Too often, the focus on resolving EVERY denial results in chasing hundreds of low balance denials while sacrificing valuable resources who could be working on resolving collectible denials. Make sure follow-up assignments are reasonable. If a follow-up work queue has 2,000 denied accounts in it, the likelihood of staff always working on the most important account will be pretty low, and the likelihood of timely follow-up on all 2,000 denied claims is even lower. There are always exceptions that require judgment, however, consider filtering follow-up work queues to include a smaller number of high priority accounts. Also, consider setting a threshold (based on cost to collect or other defined criteria) for automating low-balance write-offs on denials, eliminating those accounts from work queues.

5) Automating or streamlining follow-up activity
Efficiency is the key to maximizing recoveries. Follow-up staff should have tools to save them time, allowing them to work and resolve more accounts. Some examples:

• Payer-specific appeal letter templates that can be auto-filled with account-level information like Patient Name, PCN, MRN, DOS, Denial Reason Codes, etc.
• Write-off authorization tools to streamline the request and approval process
• Canned follow-up actions and notes to prevent staff from wasting valuable time typing the same thing over and over again
• Quick access to view and/or print the EOB and the denied claim
• Automated alerts that notify users when a prior follow-up action has not resolved the denial within the designated period of time.

6) Tracking and analyzing the outcome of denial follow-up
Make sure the outcome of each resolved denial is clearly identified. Analyze outcomes and educate staff to evaluate processes that historically have not been successful overturning denials. If sending the same appeal letter to the same payer for the same denial reason on 100 different claims has not overturned any denials, consider creating a new follow-up plan for that denial reason.

7) Identifying root cause and focusing on prevention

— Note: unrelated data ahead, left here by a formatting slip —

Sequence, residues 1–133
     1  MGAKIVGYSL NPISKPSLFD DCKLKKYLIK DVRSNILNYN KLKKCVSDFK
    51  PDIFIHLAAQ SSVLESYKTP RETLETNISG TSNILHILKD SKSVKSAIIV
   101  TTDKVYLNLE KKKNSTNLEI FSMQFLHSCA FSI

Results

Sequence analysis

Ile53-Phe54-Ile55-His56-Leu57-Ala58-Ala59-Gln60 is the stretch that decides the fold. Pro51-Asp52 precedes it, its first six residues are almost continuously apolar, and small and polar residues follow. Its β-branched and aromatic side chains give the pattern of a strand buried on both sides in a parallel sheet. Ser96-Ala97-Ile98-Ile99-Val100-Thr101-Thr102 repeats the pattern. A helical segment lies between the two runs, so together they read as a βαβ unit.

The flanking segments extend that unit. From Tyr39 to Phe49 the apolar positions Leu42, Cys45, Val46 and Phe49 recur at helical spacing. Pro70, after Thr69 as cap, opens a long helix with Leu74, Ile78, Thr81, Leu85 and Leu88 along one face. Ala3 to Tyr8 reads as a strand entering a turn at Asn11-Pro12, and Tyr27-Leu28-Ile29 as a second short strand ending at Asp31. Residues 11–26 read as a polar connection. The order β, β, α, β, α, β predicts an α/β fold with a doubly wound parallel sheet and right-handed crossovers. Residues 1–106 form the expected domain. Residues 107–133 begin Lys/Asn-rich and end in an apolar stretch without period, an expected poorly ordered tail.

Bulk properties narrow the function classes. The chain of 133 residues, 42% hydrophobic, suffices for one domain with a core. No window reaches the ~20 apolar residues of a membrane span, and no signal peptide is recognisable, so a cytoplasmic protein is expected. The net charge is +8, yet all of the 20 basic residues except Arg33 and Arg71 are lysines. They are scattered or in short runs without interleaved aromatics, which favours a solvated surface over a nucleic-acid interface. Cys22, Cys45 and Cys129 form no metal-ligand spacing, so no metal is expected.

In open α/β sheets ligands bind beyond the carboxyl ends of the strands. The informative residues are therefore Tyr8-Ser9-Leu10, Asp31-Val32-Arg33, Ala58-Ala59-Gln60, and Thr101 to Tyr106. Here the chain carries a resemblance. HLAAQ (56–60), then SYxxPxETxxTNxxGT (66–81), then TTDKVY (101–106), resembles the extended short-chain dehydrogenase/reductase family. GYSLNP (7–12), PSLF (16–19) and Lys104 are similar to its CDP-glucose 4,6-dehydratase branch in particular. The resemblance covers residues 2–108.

Increasing denial recovery rate is good. Decreasing initial denial rate is better! The key to prevention is in identifying the root cause. When providers understand root cause, they can make business decisions to facilitate prevention. Studies suggest that almost 80% of denials are Patient Access errors, but if the cause is unknown, staff may not be solving the right problem. It is worth the effort to evaluate and assign root cause to denials whichinclude identifying trends and taking steps to prevent future denials.

8) Setting and tracking financial and operational performance goals 
Dashboard-style reporting tools are very helpful to communicate performance metrics throughout the organization and to manage performance. Important denial performance metrics includes : initial denial rate, recoveries on denials and underpayments, rate of appeals overturned, monthly denial trends by payer and error type, denial outcomes by payer and error type.

These tips are some of the keys to a comprehensive and effective denials management strategy.

by Todd Thomas, Director of Provider Product Management (Emdeon)

How Does a Practice Deal with All These High Deductible Plans?

One of the biggest trends we’re seeing in healthcare today is a shift towards high deductible plans. This shift first started as more and more employers stopped offering insurance or cut the type of health insurance they offered. This started the trend towards individuals purchasing high deductible insurance plans.

While the shift to high-deductible insurance plans started well before the Affordable Care Act (ACA), the government mandated health insurance and associated health insurance exchanges (HIX) have thrown gas on the already flaming fire. What most patients didn’t realize when they signed up for insurance on the government’s HIX is that a large majority of the plans were high deductible insurance plans. This has led to a huge influx in high deductible plans entering medical offices.

hat does this increase in high deductible plans mean?
This change is one of the most significant changes in healthcare reimbursement we’ve seen.High- deductible plans mean a major shift in who will be paying the bill. Instead of collecting most of your money from insurance companies, your clinic will need to becomeexpert at collecting money from patients as well. Yes, that’s right. You’re still going to have to collect from the insurance companies like before, but you’re going to have to build additional expertise around collecting payments from patients too.

While it’s true that clinics have been collecting payments from patients forever, that doesn’t mean that clinics have been doing a good job of actually collecting the money. In fact, I find practice after practice who hasn’t stayed on top of their patient collections. In the end, they often send their patient collections to a collections agency which frustrates the patients and tarnishes their name or they just write off the patient pay portion completely.

Suggestions to Improve Patient Collections
The first step to improving patient collections is to really understand the details of your patient’s insurance plan. This starts with doing an insurance eligibility check and verifying your patient’s plan details. We wrote about ways to streamline your insurance eligibility checks previously. Doing it right takes time, but with the right workflow automation solutions you can make sure that those working in your practice have the right insurance information. Once they have the right payment information, you’re much more likely to collect the payment from the patient while they’re standing in front of you at the office.